MANILA— The Philippine government and Muslim guerrillas can no longer strike a final peace accord before President Gloria Macapagal Arroyo steps down in June because of limited time and differences in ongoing peace talks, the country's chief negotiator said Tuesday.

The government has focused its effort to forging an interim accord that will primarily commit the 11,000-strong Moro Islamic Liberation Front to continue negotiations with the next president to peacefully settle its decades-old insurrection, chief government negotiator Rafael Seguis said.

"We admit we will no longer be able to sign a comprehensive compact at this time considering the time constraints," Seguis told a news conference.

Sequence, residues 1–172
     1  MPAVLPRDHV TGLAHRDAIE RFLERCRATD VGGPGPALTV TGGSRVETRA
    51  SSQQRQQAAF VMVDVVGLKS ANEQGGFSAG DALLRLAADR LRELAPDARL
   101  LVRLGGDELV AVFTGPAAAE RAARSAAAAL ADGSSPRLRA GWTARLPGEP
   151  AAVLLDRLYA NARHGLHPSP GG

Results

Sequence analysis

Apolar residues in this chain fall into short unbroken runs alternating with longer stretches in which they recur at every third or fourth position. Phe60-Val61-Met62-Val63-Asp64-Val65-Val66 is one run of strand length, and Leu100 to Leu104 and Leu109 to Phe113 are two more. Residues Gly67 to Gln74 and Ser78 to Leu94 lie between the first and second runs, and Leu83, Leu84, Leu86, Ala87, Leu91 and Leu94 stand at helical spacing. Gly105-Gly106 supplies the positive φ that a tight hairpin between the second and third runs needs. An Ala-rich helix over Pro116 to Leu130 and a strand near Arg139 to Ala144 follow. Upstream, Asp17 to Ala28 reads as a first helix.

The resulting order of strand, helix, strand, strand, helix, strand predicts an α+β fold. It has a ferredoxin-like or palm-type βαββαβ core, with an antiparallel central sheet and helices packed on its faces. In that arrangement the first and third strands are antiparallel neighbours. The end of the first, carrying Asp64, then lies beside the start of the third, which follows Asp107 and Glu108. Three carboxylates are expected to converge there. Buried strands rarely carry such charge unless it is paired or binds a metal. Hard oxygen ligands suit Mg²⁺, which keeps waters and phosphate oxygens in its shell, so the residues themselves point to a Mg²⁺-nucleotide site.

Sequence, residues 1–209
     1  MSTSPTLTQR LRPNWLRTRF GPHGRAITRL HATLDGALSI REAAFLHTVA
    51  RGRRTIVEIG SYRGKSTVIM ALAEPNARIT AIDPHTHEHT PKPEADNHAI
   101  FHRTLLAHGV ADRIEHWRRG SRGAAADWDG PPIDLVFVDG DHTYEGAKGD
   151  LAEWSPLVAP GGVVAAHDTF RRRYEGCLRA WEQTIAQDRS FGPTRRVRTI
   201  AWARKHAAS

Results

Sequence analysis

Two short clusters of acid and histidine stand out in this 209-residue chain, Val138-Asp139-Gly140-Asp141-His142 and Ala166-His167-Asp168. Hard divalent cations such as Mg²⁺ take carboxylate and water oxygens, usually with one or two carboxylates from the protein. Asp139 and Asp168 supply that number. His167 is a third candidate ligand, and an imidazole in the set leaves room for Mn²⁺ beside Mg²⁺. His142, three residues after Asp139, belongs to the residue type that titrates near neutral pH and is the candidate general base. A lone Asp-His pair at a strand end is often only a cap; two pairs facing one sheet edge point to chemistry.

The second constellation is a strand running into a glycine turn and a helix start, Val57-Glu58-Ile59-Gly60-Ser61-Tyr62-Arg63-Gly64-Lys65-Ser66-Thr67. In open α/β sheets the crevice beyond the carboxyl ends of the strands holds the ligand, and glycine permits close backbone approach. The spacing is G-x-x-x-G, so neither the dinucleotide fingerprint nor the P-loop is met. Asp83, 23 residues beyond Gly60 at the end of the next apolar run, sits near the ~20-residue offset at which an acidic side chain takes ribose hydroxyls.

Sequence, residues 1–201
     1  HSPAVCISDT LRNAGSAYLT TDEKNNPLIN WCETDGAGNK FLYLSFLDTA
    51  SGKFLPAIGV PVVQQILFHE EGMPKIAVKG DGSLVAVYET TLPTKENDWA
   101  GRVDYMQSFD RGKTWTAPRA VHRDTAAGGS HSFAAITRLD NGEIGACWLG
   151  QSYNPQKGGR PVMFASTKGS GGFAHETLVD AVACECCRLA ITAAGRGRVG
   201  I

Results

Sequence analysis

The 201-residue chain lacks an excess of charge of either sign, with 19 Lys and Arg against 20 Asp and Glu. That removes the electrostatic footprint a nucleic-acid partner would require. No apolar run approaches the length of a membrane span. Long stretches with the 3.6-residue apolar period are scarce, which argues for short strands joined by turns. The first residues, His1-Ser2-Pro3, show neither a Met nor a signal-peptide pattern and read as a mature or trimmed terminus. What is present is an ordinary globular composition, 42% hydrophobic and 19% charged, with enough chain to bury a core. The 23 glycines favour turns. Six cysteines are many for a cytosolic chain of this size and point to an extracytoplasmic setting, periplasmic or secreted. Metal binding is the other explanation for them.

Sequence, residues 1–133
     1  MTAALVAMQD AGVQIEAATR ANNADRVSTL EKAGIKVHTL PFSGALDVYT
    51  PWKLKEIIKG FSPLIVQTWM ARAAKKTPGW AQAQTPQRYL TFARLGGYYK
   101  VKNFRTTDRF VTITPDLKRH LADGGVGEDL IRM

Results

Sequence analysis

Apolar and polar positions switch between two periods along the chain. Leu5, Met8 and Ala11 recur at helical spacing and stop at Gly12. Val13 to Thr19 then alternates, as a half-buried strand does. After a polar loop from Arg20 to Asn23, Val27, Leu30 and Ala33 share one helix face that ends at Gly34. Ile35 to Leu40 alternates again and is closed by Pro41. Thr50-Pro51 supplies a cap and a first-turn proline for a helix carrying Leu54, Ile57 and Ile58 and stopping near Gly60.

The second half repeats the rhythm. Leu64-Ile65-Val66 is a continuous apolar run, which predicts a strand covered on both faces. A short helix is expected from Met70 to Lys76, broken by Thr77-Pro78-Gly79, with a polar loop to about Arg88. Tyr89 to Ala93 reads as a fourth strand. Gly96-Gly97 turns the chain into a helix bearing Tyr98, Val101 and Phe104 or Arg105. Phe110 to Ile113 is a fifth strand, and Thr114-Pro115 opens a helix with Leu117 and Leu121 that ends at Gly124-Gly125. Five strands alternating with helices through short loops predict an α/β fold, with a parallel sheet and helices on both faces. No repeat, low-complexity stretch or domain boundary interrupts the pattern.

Muslim rebel spokesman Eid Kabalu agreed, saying the chances of forging a peace pact was "zero," considering the disparity between the government and rebel positions on many issues.

Several demands submitted by the rebels during negotiations brokered by Malaysia in January would require the passage by congress of new laws, including a proposal to drastically strengthen the powers of minority Muslims to run an existing Muslim autonomous region in the country's south, Seguis said. (AP)